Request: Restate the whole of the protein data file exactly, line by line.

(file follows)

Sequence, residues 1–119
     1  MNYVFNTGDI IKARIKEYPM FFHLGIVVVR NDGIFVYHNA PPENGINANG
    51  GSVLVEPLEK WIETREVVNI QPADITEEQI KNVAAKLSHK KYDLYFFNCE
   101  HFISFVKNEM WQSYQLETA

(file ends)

Sequence, residues 1–119
     1  MNYVFNTGDI IKARIKEYPM FFHLGIVVVR NDGIFVYHNA PPENGINANG
    51  GSVLVEPLEK WIETREVVNI QPADITEEQI KNVAAKLSHK KYDLYFFNCE
   101  HFISFVKNEM WQSYQLETA